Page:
Ever-Expanding Definitions of Child Abuse Promote False Allegations, Enable Political Agendas

During the early 1970s, Senator Walter Mondale launched a crusade to address the plight of low-income children. In 1974, Mondale finally succeeded in persuading Congress to enact the Child Abuse Prevention and Treatment Act. CAPTA’s definition of child abuse seems reasonable enough:

“Any recent act or failure to act on the part of a parent or caretaker which results in death, serious physical or emotional harm, sexual abuse or exploitation; or an act or failure to act, which presents an imminent risk of serious harm.”

In rapid succession, states began to pass laws that expanded on this definition. So if your child exhibits “an observable or substantial change in in behavior, emotional response, or cognition,” you are likely to be found guilty of emotional abuse. in 25 states, if you fail to have your child properly educated, that could well be considered a form of “neglect.”

Any of these scenarios will likely trigger a child welfare investigation. But in the vast majority of cases, the investigation does not find anything amiss. The Health and Human Services’ report, Child Maltreatment reveals:

“For FFY 2017, the data show approximately 3.5 million children are the subjects of at least one report. A total of 17.0 percent of children are classified as victims with dispositions of substantiated (16.3%) and indicated (0.7%). The remaining children (83.0%) are not determined to be victims of maltreatment or received an alternative response.” [emphasis added]

Got that? Only one in six investigations turns up a problem. In the other five out of six cases, there was no child abuse. Case closed.

In many states, the definition of child abuse has been expanded so that a child who merely observes domestic violence between his or her parents is deemed to be a victim of abuse. This may become the justification for removing the child from the family home, pushing the child into the highly dysfunctional child welfare system.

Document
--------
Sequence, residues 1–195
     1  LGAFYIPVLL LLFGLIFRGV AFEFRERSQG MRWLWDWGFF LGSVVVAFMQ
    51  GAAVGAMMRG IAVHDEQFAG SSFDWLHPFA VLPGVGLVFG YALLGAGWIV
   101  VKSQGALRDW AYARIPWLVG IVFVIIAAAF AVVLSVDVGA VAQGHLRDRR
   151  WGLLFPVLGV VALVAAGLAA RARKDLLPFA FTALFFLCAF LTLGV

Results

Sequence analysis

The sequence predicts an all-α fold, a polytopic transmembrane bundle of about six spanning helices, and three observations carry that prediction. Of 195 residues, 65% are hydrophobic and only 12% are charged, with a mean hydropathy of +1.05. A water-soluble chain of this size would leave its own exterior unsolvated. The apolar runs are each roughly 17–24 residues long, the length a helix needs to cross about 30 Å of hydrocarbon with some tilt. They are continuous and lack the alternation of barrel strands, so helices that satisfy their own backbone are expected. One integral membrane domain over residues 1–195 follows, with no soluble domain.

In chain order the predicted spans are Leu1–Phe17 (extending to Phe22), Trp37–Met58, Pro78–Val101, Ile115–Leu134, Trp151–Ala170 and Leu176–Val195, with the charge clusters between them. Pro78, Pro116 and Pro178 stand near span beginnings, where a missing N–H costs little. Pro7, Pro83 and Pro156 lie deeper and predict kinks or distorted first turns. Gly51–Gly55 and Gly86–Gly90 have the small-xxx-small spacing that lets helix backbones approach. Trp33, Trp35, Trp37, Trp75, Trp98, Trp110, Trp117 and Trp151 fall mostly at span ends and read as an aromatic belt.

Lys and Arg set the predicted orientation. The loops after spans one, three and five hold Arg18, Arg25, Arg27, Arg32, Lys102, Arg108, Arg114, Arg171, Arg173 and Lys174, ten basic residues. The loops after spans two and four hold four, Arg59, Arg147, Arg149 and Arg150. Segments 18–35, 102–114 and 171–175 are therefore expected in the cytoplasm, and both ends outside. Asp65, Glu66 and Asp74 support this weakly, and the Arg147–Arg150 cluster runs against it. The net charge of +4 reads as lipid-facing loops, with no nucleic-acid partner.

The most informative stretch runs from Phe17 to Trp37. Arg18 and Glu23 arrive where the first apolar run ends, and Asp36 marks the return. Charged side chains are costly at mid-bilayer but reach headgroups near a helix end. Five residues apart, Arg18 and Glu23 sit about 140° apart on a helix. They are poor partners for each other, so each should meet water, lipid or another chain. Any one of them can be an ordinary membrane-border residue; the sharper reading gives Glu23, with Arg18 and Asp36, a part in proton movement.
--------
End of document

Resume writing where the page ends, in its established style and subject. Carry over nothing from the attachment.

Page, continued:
In one case, an abused woman’s supposedly confidential statements were passed along to the state child abuse agency. Shortly afterwards, the agency ordered the daughter to be removed from the home. The daughter, who had never suffered any physical abuse, was not returned home until 13 months later.

Some persons take advantage of these wobbly definitions to wreak legal havoc, making accusations of child abuse to enhance their odds of winning child custody. According to a national survey commissioned by SAVE, 17% of persons know a person who has been the target of a falsely allegation of abuse. Of these persons, 66% had been falsely accused of child abuse.

The National Child Abuse Defense and Resource Center is a non-profit group working to preserve the rights of the falsely accused. The group explains,

“In child abuse cases, there is the continued working hypothesis among professionals charged with protecting children that if the allegation is made, abuse must have occurred and that the accused person must have perpetrated the abuse. Further, it becomes the responsibility of the accused to prove otherwise.” In other words, the presumption of innocence flies out the window, causing endless grief for the accused.

It gets worse.

Definitions of child abuse are now being manipulated to promote political agendas. In Virginia, the House Health, Welfare, and Institutions Committee is currently debating HB 580, a bill that would expand the current definition of an “abused or neglected child” to include a child whose parent “allows to be created or inflicted upon such child a physical or mental injury on the basis of the child’s gender identity or sexual orientation.”

So if a Virginia parent were to object to a public school promoting transgender lifestyles or sexual practices, this father or mother could well be branded as a child abuser.

Such nefarious tactics are used by proponents of what has been called the Victim-Industrial Complex.

Child abuse is a problem in our country. But engaging in definitional gymnastics and subordinating the issue to advance political agendas will only serve to discredit the important work of legitimate abuse reduction programs, weaken families, and harm children.

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